A poet and American Book Award–winning memoirist tells the story of his troubled family and the sustaining relationship he shared with his brother.
González (English/Rutgers Univ., Newark; Pivotal Voices, Era of Transition: Toward a 21st Century Poetics, 2017, etc.) and his family left Mexico for the Coachella Valley when he and his younger brother, Alex, were still children. But the better life they sought across the border in the United States did not materialize. Crammed into a tiny house, 19 family members attempted to make the best of difficult circumstances that included hunger, poverty, and abuse at the hands of a cruel and controlling grandfather. By the time González reached adolescence, he and Alex faced other traumas: the death of their beloved mother and desertion by their father, who relocated back to Mexico without them. The losses impacted each brother deeply: the author “withdrew into a depression that [his] family members called shyness,” and Alex began to spend time with high school dropouts who did little else but smoke and drink. At the same time, loss helped forge the fierce bond that helped both survive loneliness and hardship. Their paths diverged when González became the first member of his family to go to college while Alex returned to Mexico to live with their father. But even as the author immersed himself in his work, his emerging gay identity, and a career as a writer and teacher in New York City, he still maintained a close connection to his brother. That bond became their salvation when each brother faced midlife challenges rooted in the early experiences that had stripped them of parental love and positive role models. For González, those challenges involved alcoholism and unconsciously seeking out abusive relationships; for his brother, they involved coming to terms with what it meant to be a good husband and father. Generous and intimate, González’s memoir offers a riveting account of the bond that saved two brothers from their tortured past while offering lucid glimpses into the meaning of Latino manhood.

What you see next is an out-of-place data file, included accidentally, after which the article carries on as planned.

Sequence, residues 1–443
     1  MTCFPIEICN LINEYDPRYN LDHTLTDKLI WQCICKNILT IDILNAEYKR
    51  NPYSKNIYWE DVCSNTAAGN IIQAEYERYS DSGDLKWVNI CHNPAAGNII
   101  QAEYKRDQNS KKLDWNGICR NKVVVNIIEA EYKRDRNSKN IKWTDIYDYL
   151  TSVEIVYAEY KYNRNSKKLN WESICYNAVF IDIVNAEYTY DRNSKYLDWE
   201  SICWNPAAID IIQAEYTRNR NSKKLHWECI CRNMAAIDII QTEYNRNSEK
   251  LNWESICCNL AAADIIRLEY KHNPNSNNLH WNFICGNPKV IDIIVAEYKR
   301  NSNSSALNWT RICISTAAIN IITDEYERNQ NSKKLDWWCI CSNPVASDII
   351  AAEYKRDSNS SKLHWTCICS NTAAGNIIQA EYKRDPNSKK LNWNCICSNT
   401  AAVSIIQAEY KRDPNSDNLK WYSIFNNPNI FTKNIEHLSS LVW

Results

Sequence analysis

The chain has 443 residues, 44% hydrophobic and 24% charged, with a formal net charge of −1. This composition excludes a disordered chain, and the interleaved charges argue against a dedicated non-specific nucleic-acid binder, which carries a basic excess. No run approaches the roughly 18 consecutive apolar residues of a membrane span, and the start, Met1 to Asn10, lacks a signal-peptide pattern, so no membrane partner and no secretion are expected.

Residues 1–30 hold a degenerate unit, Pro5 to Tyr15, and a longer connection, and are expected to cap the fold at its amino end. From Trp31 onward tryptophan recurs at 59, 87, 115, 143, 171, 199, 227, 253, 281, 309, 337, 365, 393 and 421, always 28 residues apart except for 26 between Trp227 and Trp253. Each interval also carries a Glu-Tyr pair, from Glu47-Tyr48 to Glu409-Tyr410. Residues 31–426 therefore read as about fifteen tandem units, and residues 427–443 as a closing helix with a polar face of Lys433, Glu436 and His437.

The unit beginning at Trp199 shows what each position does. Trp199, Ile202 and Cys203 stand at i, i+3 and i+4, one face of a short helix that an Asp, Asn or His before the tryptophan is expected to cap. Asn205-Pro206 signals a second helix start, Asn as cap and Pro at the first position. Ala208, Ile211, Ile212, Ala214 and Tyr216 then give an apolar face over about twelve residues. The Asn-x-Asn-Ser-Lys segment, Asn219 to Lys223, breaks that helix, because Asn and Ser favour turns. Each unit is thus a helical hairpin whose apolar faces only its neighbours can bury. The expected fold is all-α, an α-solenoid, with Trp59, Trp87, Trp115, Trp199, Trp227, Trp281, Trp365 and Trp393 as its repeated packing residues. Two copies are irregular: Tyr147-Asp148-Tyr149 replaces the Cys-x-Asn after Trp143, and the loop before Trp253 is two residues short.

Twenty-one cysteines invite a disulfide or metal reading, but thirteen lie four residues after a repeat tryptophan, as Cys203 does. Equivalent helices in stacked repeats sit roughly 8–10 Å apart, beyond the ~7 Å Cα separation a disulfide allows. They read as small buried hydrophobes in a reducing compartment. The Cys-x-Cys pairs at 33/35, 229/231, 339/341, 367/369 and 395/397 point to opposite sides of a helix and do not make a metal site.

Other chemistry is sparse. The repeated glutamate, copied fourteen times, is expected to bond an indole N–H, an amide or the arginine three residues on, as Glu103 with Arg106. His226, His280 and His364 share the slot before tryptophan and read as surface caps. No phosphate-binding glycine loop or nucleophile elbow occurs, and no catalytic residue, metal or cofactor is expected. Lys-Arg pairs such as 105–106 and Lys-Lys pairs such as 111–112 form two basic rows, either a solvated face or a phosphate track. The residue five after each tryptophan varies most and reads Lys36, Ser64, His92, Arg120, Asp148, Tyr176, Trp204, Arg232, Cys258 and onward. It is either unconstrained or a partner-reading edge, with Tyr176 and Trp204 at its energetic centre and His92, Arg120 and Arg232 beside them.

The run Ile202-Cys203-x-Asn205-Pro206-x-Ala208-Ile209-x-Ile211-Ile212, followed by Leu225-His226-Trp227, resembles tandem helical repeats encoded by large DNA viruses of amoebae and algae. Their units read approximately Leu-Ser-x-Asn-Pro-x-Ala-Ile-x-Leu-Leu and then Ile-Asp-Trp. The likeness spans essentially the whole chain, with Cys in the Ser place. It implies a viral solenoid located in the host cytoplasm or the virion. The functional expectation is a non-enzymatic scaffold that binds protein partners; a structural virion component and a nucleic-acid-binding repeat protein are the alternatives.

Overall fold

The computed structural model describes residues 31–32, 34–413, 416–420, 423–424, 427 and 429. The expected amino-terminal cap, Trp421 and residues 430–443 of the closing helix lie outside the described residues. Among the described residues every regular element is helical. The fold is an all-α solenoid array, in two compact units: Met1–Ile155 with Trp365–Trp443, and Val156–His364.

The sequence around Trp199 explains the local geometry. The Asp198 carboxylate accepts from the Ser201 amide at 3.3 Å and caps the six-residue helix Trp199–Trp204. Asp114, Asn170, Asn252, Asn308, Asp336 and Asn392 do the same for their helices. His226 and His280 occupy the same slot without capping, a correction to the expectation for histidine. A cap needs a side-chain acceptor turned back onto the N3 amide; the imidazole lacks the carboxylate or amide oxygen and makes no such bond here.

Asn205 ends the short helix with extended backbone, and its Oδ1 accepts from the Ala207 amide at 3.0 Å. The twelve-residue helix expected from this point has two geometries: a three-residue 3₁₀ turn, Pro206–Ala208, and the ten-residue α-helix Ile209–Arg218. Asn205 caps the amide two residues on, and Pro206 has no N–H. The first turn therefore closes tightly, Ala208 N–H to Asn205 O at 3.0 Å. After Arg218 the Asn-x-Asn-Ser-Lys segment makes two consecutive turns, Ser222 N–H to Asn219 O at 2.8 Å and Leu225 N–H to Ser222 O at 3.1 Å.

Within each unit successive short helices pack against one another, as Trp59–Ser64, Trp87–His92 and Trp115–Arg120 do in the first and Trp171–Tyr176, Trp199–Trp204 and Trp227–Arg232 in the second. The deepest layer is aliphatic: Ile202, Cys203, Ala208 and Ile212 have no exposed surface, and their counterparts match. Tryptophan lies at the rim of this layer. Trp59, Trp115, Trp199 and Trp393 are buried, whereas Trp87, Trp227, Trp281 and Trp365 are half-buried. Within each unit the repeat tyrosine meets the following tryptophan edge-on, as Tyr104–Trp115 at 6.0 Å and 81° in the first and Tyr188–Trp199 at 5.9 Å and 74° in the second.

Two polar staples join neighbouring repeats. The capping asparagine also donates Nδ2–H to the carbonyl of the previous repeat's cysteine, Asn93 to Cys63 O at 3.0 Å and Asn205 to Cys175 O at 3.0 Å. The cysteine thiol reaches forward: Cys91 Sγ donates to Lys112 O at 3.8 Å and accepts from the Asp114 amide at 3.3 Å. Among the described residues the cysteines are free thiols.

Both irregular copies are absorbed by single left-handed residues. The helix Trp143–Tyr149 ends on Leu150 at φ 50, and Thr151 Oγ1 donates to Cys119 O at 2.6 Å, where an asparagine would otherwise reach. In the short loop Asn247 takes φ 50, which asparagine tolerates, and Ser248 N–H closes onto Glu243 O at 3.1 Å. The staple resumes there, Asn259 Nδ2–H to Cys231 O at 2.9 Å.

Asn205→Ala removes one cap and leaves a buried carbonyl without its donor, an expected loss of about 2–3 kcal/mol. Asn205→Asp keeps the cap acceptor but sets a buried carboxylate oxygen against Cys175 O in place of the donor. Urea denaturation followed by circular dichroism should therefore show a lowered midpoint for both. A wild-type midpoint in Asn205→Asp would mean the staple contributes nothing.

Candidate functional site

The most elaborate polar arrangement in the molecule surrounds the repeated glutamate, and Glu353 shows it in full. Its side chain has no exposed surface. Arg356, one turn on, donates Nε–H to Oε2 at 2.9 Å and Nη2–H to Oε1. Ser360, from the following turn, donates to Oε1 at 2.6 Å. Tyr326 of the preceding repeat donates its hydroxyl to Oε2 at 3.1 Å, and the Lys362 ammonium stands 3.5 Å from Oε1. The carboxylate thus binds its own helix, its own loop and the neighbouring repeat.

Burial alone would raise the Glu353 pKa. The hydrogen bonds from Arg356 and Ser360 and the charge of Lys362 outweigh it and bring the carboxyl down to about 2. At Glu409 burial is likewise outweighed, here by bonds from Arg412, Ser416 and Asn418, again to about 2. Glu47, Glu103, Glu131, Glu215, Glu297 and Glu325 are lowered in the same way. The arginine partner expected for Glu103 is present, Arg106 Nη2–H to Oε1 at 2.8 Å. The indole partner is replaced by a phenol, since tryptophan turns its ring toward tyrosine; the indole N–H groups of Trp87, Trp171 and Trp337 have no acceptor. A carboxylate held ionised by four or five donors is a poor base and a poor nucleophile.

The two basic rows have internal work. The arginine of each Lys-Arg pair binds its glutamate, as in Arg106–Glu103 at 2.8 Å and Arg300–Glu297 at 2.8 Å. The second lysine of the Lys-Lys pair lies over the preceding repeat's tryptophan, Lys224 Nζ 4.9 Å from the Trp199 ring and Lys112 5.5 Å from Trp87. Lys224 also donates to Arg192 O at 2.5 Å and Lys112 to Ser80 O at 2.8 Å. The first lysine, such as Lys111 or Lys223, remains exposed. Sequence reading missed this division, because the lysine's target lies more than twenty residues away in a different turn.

A raw, emotionally intense memoir.